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Am J Epidemiol. 2006 Dec 15;164(12):1160-70. Epub 2006 Oct 3.

Exposure to a nutrition supplementation intervention in early childhood and risk factors for cardiovascular disease in adulthood: evidence from Guatemala.

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  • 1Hubert Department of Global Health, Rollins School of Public Health, Emory University, Atlanta, GA 30322, USA. Aryeh.Stein@emory.edu

Abstract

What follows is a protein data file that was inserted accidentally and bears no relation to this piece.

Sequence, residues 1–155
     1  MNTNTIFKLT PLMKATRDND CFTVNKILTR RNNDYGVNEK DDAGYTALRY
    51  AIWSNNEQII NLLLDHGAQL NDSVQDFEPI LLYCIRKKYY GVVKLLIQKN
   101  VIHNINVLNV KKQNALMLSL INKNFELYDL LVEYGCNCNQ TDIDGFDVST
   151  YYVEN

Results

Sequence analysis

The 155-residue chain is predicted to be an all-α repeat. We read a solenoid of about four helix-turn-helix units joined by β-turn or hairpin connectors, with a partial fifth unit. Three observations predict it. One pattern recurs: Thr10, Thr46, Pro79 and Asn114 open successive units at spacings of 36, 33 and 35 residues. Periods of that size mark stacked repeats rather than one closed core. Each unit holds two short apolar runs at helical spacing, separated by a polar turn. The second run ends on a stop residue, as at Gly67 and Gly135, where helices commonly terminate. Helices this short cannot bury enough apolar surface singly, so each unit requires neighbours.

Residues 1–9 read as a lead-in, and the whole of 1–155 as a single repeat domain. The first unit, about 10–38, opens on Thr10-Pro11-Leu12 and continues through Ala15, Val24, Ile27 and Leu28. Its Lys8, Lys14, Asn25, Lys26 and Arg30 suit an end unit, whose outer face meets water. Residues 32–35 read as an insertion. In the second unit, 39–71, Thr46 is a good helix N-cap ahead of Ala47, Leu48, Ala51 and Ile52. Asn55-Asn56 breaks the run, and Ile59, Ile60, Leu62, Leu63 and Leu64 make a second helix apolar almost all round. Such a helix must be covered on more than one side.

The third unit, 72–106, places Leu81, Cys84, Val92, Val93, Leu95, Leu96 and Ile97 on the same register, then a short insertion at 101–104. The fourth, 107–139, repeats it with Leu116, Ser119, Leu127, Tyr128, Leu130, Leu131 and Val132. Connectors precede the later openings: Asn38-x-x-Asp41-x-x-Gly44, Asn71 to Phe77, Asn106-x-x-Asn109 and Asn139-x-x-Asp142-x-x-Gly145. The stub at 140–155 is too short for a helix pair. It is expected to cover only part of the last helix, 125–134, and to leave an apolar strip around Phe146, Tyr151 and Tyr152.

To study the role of nutrition in the association of birth size and childhood growth with development of cardiovascular disease, the authors in 2002-2004 surveyed 665 men and 790 women aged 25-42 years who had been exposed as children to a community-randomized nutrition supplementation intervention in four villages in eastern Guatemala. Exposure was associated with a lower fasting glucose level (7.0 mg/dl, 95% confidence interval (CI): 0.5, 13.5) for exposure at ages 36-72 months; lower systolic blood pressure (3.0 mmHg, 95% CI: 0.4, 5.6) for exposure at ages 24-60 months; and a lower triglyceride level (sex-adjusted; 22.2 mg/dl, 95% CI: 0.4, 44.1) and higher high density lipoprotein cholesterol level (males only; 4.7 mg/dl, 95% CI: 1.5, 7.9) for exposure prior to age 36 months. Improved nutrition at any age prior to 7 years was not associated with diastolic blood pressure, total or low density lipoprotein cholesterol level, or prevalence of the metabolic syndrome. Interventions designed to address nutrient deficiencies and ameliorate stunting that are targeted at pregnant women and young children are unlikely to increase cardiovascular disease risk later in life and may instead lower the risk.

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